The Nathan Kline Institute
The Nathan Kline Institute
Manseau M.W.,New York University |
Rajparia A.,New York University |
Joseph A.,The Nathan Kline Institute |
Azarchi S.,New York University |
And 3 more authors.
Substance Use and Misuse | Year: 2017
Background: Increasing reports of synthetic cannabinoid (SC)-related adverse events have largely comprised case reports and analyses of calls to poison control centers. Existing studies have also mostly involved white male populations. Objectives: The purpose of this study is to systematically describe clinical characteristics of SC use in a relatively large, diverse, urban sample presenting to a psychiatric emergency setting. Methods: SC users (n = 110) were identified by reviewing charts (n = 948) from the psychiatric emergency service of a large, urban public hospital in the United States for November 2014, which was randomly selected from the 12 months of that year. Sociodemographic data were collected from administrative databases and clinical data were collected from the electronic medical record. Results: SC users were mostly non-white (90.0%) males (95.5%), who were likely to be police-involved (34.5%) and homeless (84.5%). SC users also had significant and often pre-existing psychiatric and substance use comorbidity, including acute psychotic symptoms (70.0%), more than one comorbid psychiatric diagnosis (31.8%) and primary psychotic disorder diagnosis (40.0%), past psychiatric visits to the hospital (70.9%), comorbid substance use (62.7%), agitation requiring intervention (22.7%), and the need for extended psychiatric observation (15.5%) and inpatient admission (34.5%). Relatively limited medical complications were identified. Conclusions/Importance: In this sample, SC use affected a sociodemographically disadvantaged and mentally ill population, likely exacerbating existing psychiatric problems. This is one of the only studies to systematically examine the clinical effects of SC use in a significant clinical sample, and the first study in an urban, racial/ethnic minority, and vulnerable sample. © 2017 Taylor & Francis Group, LLC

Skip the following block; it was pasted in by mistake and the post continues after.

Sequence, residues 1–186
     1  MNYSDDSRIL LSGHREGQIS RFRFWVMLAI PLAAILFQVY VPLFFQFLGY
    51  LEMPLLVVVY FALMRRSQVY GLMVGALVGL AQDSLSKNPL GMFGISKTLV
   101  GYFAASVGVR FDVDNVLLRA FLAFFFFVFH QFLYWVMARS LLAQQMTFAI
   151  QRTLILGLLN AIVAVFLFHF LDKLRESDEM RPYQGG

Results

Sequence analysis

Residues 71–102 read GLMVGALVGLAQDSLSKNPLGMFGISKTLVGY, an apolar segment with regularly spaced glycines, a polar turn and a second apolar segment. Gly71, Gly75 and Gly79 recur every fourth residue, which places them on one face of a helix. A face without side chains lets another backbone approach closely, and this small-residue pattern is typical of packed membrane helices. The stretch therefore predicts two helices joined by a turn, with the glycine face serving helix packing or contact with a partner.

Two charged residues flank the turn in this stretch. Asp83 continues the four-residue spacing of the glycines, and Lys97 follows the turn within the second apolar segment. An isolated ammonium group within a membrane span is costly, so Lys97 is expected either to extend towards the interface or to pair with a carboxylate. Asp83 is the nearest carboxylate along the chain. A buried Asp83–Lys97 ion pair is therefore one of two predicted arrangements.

Chen K.,Banner Alzheimers Institute and Banner Good Samaritan Center |
Chen K.,Arizona State University |
Langbaum J.B.S.,Banner Alzheimers Institute and Banner Good Samaritan Center |
Fleisher A.S.,Banner Alzheimers Institute and Banner Good Samaritan Center |
And 17 more authors.
NeuroImage | Year: 2010